The next etching is that of comparison. Comparisons between how white men in similar scenarios are treated, and the obvious truths that time and time again despite the nature of their actual crimes, they are rendered the opportunity to live. You recount instances of mass murderers who are given the benefit of being deemed mentally unstable, not vile criminals who should be executed and left for hours in the street. A Rapist who was caught on camera violating a woman but received probation, while men of a darker complexion with less zeros behind their parents names are accused without evidence and wrongfully sent away for years.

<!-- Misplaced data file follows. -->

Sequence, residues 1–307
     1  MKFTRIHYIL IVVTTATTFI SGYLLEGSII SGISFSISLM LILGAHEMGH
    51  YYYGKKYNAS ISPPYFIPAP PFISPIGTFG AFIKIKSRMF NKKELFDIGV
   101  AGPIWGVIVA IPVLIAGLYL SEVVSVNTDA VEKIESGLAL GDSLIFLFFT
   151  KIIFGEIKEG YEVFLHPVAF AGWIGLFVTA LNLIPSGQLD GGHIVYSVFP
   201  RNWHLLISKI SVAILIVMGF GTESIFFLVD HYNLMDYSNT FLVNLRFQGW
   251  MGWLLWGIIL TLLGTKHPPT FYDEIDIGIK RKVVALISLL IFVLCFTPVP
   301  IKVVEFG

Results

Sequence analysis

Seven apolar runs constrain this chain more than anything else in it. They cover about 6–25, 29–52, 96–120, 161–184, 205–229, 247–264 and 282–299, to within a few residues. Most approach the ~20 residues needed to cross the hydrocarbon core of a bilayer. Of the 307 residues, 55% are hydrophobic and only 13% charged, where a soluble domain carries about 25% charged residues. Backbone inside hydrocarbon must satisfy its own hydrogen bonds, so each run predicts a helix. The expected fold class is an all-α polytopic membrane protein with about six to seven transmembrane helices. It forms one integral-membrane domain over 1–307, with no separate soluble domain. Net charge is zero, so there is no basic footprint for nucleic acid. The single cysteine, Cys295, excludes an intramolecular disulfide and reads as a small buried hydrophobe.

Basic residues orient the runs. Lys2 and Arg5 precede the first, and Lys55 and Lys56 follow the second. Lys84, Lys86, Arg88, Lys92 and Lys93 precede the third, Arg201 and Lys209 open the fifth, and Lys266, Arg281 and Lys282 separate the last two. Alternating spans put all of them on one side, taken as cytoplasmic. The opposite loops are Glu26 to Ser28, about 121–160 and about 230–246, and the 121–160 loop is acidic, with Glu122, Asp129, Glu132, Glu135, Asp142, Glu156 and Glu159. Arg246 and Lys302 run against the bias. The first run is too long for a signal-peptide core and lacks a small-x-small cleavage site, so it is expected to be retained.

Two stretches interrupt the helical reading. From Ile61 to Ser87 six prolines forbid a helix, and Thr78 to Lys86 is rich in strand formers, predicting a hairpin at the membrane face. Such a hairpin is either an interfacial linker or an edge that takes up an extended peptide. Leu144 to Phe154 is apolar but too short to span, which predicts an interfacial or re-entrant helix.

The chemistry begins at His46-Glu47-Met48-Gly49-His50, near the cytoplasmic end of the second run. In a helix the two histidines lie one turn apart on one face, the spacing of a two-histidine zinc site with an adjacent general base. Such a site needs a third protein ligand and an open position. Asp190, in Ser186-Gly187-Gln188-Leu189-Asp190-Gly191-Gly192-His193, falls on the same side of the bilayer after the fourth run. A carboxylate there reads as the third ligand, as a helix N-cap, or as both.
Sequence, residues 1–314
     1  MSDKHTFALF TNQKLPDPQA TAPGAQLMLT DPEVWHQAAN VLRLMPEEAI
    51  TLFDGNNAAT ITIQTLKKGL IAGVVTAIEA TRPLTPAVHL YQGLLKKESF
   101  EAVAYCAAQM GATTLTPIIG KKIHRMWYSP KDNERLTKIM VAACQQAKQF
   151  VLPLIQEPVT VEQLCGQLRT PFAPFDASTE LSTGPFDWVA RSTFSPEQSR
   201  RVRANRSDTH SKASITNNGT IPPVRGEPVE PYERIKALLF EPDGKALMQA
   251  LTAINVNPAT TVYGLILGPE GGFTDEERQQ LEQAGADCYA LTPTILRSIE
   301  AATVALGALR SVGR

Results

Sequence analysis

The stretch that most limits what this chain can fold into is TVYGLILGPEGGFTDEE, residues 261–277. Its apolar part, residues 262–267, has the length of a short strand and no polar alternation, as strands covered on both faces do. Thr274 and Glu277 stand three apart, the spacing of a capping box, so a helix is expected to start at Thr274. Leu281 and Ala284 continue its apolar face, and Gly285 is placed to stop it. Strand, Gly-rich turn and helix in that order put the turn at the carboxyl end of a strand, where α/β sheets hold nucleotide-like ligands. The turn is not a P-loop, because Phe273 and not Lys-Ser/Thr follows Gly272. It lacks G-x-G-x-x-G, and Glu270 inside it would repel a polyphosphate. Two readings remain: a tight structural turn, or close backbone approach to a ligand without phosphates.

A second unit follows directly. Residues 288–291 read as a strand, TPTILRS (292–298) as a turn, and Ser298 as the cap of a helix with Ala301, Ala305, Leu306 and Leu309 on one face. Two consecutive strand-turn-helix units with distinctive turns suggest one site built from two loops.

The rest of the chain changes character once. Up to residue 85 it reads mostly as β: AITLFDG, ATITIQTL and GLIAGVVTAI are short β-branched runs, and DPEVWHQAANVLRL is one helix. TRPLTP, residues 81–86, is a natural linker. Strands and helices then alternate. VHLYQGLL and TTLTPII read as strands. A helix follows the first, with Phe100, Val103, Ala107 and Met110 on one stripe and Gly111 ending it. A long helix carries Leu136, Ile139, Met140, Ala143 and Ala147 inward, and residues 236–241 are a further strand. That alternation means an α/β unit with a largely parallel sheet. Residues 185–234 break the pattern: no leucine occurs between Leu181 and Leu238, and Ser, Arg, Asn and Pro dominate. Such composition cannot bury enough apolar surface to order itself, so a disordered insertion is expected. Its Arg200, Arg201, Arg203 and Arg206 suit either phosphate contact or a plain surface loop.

Just as one’s mental begins to repair itself, comes the bellows of ignorance. The distinct, frequent displays of ignorance that counter #blacklivesmatter with #alllivesmatter. The ignorance that is always quick to ask what he did to warrant being shot 4 times, 8 times, 9 times, in the chest or in the back. Never to wound an assailant or incapacitate him but to assassinate him instead. The ignorance in the bias of media that quotes a rapists swim times, but digs to defame the character of teenagers and men with less than sordid pasts. One that points out crimes among black delinquents as an excuse for why any of us should be shot dead. The ignorance that never gives credence of any kind that maybe the black man gave the white officer no real reason at all to fear for his life. The willful ignorance that chooses to ignore reports that these were children or that weapons the victims were claimed to have were no weapons at all. The ignorance that disallows the ability to view them as victims at all. The ignorance that won’t even allow the other “side” to play devil’s advocate, even though you do.